“Childhood is the one story that stands by itself in every soul.”
― Ivan Doig, The Whistling Season
I’m so surprised at how unexpected things can stir up such powerful ones.
My latest trip down memory lane was sparked by three little bowls I found at an estate sale. As I held them I was immediately transported back in time to Aunt Marie’s house in Omaha.
In my mind I saw myself standing in the little kitchen in front of the large farm-style sink, drying dishes. The person who dried the dishes had to put things away. It became my job because I was the tallest. Little did I know then just how much I should have enjoyed that title! Putting dishes away was not an easy task nor was it something you could do quickly. This was especially difficult due to the fact all the other kids in the neighborhood ate earlier. This meant we could hear them all running and we were being left out. The pressure was on me because no one could go out until we were all done.
To begin the process I had to duck in order to open the wide white cabinet door. Once open I was always amazed at the stacks and stacks of mis-matched china. My twelve-year old know it all mind could not grasp why anyone would choose to have all those different types, colors, and shapes of cups, saucers, and plates.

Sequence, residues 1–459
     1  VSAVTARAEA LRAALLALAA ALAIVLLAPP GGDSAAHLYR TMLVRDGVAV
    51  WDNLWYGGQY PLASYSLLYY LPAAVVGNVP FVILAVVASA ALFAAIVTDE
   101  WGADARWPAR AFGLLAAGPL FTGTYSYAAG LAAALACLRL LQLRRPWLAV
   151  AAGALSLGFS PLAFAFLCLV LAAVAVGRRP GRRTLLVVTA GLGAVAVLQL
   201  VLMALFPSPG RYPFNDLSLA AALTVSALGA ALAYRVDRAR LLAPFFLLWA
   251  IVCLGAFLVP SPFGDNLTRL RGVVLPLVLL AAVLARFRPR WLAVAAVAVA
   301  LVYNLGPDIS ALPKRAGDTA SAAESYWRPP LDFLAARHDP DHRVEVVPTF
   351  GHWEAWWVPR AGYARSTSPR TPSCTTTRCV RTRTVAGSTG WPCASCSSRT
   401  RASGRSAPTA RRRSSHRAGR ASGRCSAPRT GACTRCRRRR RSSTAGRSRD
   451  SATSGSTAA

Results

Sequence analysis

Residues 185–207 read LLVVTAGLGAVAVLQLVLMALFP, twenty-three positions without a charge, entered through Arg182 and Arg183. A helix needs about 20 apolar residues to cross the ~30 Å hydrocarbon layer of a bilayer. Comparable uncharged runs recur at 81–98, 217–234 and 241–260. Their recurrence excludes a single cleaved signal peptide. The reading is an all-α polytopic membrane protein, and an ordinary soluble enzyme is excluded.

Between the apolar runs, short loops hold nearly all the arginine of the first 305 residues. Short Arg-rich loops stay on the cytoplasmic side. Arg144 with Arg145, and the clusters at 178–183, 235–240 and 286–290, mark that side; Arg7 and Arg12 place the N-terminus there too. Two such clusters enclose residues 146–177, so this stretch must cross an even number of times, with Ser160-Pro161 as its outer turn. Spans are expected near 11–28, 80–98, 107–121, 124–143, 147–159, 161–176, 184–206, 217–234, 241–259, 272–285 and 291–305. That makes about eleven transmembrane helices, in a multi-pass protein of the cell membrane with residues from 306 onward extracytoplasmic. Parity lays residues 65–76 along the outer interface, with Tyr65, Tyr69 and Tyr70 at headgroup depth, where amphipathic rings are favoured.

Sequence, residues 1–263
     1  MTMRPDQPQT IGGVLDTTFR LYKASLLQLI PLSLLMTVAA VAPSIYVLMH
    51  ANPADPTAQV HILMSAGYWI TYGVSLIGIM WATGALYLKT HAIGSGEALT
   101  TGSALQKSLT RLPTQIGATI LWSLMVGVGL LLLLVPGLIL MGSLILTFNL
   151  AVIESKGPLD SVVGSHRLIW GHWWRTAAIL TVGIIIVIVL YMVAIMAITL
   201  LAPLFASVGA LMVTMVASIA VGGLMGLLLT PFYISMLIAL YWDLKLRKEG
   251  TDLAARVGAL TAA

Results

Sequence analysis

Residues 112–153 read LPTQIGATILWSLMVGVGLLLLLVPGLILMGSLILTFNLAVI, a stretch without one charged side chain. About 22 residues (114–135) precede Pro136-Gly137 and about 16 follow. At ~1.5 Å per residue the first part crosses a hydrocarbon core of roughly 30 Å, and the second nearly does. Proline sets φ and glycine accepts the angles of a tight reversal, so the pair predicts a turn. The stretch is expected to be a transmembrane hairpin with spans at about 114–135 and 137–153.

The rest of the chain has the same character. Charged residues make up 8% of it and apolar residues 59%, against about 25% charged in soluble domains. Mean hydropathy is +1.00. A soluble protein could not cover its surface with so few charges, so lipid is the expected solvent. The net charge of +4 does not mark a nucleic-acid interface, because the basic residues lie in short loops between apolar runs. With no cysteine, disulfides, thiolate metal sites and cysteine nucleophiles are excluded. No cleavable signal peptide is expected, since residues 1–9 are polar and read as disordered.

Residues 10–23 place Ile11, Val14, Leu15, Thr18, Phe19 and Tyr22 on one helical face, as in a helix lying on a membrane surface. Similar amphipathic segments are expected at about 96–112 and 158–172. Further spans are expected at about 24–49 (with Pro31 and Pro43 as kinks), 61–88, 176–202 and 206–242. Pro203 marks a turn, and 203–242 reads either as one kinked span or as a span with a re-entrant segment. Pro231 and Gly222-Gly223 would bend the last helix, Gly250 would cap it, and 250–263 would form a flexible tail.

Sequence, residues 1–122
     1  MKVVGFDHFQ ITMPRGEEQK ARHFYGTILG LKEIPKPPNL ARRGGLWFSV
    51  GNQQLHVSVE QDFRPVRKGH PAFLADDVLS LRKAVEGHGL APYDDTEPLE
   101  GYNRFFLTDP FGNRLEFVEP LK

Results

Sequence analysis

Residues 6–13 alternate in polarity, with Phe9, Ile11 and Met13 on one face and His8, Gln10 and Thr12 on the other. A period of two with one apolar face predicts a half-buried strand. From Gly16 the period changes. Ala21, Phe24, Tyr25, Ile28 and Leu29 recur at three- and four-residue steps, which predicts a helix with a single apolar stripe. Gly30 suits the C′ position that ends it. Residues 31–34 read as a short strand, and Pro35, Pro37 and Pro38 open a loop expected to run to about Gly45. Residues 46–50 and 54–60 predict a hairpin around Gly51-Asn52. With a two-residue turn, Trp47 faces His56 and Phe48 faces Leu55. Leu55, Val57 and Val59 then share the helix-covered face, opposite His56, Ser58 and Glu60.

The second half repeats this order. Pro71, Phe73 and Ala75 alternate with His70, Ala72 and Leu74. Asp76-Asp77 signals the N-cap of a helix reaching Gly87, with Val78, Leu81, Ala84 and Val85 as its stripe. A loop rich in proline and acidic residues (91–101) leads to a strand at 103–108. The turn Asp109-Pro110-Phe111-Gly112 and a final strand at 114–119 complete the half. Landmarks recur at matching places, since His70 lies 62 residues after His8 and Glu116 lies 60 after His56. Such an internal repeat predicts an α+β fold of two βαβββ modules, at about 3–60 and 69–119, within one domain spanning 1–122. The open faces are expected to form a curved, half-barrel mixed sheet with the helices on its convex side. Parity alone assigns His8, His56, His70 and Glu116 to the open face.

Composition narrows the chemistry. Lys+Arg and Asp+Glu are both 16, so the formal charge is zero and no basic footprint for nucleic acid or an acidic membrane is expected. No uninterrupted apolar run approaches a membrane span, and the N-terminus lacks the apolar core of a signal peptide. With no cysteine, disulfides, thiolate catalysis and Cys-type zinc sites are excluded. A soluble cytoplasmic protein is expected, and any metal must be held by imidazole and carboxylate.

Today I realize and appreciate the fact that this massive cupboard held not only the original family china but pieces of sets from every family member who had died or moved away from Omaha.
As we got older, my sisters and I visited Marie when we could all get away for a long weekend. Looking back, it’s disappointing to me my young adult self did not have the insight to ask more questions about family and get details about that treasure trove of dishes. Now the dishes are gone as well as those incredible story tellers.
But, by the grace of God, I have physical reminders of Marie. Several times during the day I get to hold each one and thank God for her and for all she did for my family.
I pray she can hear me because I cannot imagine where any of us would have ended up without her.
“I do not miss childhood, but I miss the way I took pleasure in small things, even as greater things crumbled. I could not control the world I was in, could not walk away from things or people or moments that hurt, but I took joy in the things that made me happy.”
― Neil Gaiman, The Ocean at the End of the Lane